[lg policy] question for the members of this list

Ronald Kephart rkephart at UNF.EDU
Sun Jan 3 14:21:10 UTC 2010


FWIW, I concur with the prevailing sentiments. A lot of nifty stuff comes
through here, I hope it stays that way.

Ron


On 1/3/10 8:24 AM, "Tariq Rahman" <drt_rahman at yahoo.com> wrote:

> Dear Professor Schiffman,
> Please keep forwarding them. One never knows which one will contain a nugget.
> Happy New Year to you and all other colleagues on this list.
> Tariq Rahman
> 
> Dr. Tariq Rahman
> Distinguished National Professor & Director
> National Institute of Pakistan Studies
> Quaid-i-Azam University, Islamabad
> Pakistan.
> 
> My other email addresses are:-
> trahman at nips.qau.edu.pk, director.nips at yahoo.com
> 
> --- On Sat, 1/2/10, Harold Schiffman <hfsclpp at gmail.com> wrote:
>> 
>> From: Harold Schiffman <hfsclpp at gmail.com>
>> Subject: [lg policy] question for the members of this list
>> To: "lp" <lgpolicy-list at groups.sas.upenn.edu>
>> Date: Saturday, January 2, 2010, 8:19 AM
>> 
>> All:
>> 
>> I have a question that I would like an answer to.  I receive a daily
>> "google alert" on the topic of "language policy." This is a service
>> I requested of Google, and what they do is search the web for any
>> mention of "language" and "policy" in the messages they
>> transmit.  They compile a list and forward it to me, and I read the
>> messages to see if they are germane to our topic. (Many
>> are not--many messages talk about the "language" of a policy, by which
>> they mean the wording of the text, not the human
>> organ of speech and/or a named variety of language.)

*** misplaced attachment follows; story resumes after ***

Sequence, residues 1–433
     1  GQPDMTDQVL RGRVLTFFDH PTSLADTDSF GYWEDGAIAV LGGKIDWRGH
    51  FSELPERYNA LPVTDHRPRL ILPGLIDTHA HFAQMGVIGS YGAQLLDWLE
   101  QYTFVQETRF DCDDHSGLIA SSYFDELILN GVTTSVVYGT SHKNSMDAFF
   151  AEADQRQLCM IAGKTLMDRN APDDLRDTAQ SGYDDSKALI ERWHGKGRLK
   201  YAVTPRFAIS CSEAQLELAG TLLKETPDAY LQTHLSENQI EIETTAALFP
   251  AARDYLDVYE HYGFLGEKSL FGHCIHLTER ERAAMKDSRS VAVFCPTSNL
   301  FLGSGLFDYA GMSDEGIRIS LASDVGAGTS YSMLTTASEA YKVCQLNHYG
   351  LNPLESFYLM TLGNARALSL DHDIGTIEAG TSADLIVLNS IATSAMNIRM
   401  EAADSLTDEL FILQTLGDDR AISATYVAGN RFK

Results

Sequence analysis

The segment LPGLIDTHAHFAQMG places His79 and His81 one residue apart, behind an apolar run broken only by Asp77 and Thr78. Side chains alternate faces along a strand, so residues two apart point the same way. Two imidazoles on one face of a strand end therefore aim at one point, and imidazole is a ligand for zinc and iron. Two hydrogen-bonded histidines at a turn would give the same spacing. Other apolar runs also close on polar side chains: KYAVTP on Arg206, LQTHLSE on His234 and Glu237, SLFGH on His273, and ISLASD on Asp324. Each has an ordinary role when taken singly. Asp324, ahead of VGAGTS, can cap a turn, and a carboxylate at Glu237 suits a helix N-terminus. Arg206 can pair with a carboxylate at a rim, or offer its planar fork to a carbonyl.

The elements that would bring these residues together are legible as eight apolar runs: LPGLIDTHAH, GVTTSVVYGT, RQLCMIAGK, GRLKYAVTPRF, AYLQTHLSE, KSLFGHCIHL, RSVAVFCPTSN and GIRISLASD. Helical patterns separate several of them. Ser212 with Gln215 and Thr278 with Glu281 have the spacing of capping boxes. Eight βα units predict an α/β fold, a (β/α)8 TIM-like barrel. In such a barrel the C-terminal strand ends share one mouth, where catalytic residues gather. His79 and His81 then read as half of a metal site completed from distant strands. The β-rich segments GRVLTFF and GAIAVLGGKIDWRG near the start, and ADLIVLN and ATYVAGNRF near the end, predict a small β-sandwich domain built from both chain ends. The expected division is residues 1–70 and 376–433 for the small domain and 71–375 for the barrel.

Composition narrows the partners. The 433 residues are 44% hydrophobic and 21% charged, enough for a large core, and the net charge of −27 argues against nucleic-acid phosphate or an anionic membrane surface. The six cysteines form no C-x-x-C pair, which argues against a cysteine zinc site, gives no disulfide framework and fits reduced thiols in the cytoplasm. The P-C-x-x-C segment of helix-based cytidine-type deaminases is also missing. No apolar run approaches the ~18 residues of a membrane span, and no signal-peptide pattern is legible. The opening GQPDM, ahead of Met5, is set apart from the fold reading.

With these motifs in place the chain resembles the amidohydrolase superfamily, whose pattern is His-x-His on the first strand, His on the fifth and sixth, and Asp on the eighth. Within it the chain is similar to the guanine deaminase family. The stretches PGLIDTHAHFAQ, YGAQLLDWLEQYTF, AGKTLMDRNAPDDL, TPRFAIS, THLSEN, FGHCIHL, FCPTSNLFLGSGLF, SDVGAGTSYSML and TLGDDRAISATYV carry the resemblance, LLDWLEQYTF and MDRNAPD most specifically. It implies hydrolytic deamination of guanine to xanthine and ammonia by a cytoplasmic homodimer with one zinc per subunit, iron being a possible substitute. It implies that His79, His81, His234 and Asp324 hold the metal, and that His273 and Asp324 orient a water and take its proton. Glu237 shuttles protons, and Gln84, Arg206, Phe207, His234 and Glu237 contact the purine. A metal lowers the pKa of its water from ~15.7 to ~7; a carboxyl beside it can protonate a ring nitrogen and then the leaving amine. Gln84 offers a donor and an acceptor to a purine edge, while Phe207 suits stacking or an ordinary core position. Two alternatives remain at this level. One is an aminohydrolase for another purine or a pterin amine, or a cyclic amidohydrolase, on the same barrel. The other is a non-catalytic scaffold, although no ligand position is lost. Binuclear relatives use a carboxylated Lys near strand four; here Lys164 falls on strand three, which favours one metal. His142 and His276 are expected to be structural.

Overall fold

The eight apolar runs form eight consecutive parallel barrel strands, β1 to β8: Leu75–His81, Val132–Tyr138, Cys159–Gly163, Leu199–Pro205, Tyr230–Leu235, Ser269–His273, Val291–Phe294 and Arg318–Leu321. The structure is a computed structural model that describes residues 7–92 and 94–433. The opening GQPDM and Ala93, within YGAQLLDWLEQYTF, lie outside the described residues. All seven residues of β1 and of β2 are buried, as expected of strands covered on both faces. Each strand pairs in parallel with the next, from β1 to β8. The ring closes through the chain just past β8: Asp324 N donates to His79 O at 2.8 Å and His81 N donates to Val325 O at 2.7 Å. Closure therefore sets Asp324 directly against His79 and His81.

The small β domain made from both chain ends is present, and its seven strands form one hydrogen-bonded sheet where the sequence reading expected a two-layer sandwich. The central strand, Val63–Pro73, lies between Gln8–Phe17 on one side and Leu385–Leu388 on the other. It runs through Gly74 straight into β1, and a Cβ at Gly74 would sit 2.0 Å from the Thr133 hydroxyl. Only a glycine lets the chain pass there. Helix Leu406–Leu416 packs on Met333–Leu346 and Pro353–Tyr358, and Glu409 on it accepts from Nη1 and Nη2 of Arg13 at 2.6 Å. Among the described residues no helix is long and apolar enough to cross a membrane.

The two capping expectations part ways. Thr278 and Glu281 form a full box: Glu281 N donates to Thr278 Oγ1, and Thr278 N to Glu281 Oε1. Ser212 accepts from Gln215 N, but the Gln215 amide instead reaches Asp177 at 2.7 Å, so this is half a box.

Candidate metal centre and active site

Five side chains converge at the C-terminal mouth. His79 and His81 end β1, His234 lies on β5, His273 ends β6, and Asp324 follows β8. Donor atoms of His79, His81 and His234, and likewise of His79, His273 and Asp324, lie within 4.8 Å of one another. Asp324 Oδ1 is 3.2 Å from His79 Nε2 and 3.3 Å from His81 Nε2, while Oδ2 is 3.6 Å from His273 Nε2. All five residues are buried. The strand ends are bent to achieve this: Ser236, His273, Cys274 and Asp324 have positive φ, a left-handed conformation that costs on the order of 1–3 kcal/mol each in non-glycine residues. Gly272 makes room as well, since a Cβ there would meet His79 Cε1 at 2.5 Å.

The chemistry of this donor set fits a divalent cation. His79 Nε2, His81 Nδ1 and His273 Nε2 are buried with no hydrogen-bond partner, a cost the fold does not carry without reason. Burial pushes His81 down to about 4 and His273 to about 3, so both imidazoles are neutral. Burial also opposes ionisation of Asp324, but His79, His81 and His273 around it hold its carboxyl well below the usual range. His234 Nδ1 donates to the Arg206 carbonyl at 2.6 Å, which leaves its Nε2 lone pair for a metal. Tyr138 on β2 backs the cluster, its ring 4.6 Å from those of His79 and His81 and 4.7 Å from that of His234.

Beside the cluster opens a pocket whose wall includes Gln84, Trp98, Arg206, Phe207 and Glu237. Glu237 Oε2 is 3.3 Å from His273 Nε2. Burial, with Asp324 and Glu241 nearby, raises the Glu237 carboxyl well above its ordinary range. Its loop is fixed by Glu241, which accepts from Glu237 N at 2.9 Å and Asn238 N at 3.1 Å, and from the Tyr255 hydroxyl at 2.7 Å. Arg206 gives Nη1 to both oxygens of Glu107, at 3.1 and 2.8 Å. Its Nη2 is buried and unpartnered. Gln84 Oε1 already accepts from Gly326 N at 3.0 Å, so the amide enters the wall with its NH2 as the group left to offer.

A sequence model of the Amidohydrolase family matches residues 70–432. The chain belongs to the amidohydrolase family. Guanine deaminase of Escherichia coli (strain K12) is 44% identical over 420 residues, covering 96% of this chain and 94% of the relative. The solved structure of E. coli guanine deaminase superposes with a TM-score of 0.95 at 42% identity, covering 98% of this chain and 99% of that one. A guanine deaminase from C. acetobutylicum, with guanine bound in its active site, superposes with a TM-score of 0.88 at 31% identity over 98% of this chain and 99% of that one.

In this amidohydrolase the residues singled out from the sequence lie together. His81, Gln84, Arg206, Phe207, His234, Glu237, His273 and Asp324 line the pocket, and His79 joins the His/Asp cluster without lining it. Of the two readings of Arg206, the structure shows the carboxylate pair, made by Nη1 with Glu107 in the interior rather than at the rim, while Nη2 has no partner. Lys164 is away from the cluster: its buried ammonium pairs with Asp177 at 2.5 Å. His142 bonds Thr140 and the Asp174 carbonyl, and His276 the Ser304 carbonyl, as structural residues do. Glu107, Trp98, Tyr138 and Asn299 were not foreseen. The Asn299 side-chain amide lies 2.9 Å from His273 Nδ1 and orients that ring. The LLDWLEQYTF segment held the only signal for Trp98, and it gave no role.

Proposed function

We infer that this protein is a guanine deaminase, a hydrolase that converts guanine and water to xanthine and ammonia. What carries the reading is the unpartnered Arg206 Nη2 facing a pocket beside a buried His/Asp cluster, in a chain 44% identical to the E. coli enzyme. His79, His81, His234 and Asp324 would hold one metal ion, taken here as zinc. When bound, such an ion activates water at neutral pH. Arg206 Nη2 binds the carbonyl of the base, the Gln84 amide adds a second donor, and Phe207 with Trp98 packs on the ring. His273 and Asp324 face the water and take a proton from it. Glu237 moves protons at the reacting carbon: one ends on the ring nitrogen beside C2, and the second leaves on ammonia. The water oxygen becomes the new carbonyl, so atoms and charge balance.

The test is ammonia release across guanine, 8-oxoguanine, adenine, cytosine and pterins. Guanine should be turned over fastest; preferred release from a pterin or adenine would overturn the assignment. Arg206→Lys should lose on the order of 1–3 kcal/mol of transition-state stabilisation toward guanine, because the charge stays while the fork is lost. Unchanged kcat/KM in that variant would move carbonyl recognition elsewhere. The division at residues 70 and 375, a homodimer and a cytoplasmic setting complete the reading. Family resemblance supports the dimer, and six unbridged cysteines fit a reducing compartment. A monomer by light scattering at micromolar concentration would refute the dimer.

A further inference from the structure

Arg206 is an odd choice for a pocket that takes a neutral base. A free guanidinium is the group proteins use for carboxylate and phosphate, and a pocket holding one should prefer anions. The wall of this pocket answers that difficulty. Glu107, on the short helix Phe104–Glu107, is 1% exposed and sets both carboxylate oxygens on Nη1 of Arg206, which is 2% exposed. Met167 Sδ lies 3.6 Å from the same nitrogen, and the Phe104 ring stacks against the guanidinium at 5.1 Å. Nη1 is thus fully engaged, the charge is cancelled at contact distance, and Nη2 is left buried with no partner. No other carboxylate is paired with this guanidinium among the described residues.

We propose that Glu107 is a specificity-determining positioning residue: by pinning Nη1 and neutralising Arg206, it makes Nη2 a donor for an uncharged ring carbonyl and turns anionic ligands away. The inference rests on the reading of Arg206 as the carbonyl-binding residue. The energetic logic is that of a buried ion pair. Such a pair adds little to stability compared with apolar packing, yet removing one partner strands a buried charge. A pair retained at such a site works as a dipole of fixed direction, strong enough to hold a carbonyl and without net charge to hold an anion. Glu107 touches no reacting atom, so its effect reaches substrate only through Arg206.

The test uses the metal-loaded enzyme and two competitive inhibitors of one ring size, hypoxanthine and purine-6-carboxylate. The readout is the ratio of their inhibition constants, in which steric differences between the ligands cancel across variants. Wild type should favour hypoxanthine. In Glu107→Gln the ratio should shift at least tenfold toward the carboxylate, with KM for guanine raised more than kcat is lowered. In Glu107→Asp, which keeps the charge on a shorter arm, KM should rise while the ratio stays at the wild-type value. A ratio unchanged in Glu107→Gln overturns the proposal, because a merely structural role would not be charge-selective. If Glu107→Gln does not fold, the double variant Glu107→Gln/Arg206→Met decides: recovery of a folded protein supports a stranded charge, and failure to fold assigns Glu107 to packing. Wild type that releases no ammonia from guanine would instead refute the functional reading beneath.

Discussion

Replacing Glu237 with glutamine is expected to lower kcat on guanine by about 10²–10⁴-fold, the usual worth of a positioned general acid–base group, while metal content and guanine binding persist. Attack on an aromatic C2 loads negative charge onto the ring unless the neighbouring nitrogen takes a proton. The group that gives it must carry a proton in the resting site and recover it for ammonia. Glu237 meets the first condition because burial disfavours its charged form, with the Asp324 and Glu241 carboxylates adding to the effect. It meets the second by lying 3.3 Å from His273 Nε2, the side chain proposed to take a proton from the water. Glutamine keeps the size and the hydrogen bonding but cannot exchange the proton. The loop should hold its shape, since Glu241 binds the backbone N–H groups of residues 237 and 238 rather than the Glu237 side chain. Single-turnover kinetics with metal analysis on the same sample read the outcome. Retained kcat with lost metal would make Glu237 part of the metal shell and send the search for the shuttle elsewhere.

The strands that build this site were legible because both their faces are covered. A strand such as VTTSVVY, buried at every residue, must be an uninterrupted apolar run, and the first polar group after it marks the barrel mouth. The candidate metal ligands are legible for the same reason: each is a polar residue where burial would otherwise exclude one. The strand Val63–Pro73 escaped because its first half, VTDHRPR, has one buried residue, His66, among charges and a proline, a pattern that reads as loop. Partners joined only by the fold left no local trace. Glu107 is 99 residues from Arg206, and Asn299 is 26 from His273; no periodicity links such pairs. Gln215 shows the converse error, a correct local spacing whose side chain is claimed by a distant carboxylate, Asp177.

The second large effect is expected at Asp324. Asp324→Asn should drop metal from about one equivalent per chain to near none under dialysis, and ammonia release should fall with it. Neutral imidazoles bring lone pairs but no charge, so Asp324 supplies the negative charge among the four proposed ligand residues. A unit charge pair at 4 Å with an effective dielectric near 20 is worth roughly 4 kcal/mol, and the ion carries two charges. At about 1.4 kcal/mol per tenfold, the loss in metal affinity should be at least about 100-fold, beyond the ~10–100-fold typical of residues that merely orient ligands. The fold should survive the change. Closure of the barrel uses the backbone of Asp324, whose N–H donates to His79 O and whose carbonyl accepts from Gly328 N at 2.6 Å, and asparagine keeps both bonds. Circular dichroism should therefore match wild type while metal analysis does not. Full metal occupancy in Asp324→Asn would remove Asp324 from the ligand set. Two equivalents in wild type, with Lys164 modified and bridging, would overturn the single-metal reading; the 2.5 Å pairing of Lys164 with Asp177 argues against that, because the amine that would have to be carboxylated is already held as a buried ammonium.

>> 
>> Recently, the google alerts have been turning up bibliographic items
>> such as articles or monographs about language policy,
>> and I have forwarded some of these to the list.  Nobody has complained
>> about this, but I wonder if this is useful to anyone. For example,
>> yesterday I forwarded a message about the language policy of the Food
>> and Agricultural Organization, a two-line squib mentioning
>> which order they list language icons in.  Others have been from
>> various jurisdictions in South Africa, which seems to be requiring
>> or at least urging people to formulate a language policy, and make it
>> known; these have included the Stellenbosch University,
>> the government of the Western Cape, and others.  Further examples
>> include departments of a Danish university, such as the Engineering
>> School.
>> 
>> Since I always tell my students that language policies can be found in
>> lots of different nooks and crannies of the world, not just
>> the governments of states, but religious organizations, labor unions,
>> and other jurisdictions and polities, these are good examples
>> of that.  It also reminds us that sometimes a body may have a covert
>> policy, i.e. one that assumes that a certain language will
>> be "official" but doesn't state it explicitly.  These, of course, get
>> no mention.
>> 
>> Anyway, my question is: would you like me to continue to forward these
>> "mini-squibs" about language policy, e.g. in the FAO,
>> or should I be more judicious?
>> 
>> Thanks, and Happy New Year!
>> 
>> H. Schiffman

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